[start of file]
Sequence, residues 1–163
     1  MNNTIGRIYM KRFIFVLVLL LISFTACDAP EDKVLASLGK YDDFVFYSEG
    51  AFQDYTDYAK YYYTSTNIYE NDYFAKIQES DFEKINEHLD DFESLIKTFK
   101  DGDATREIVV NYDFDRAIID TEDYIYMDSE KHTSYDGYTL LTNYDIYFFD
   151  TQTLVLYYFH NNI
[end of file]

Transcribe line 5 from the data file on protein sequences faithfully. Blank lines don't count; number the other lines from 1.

   151  TQTLVLYYFH NNI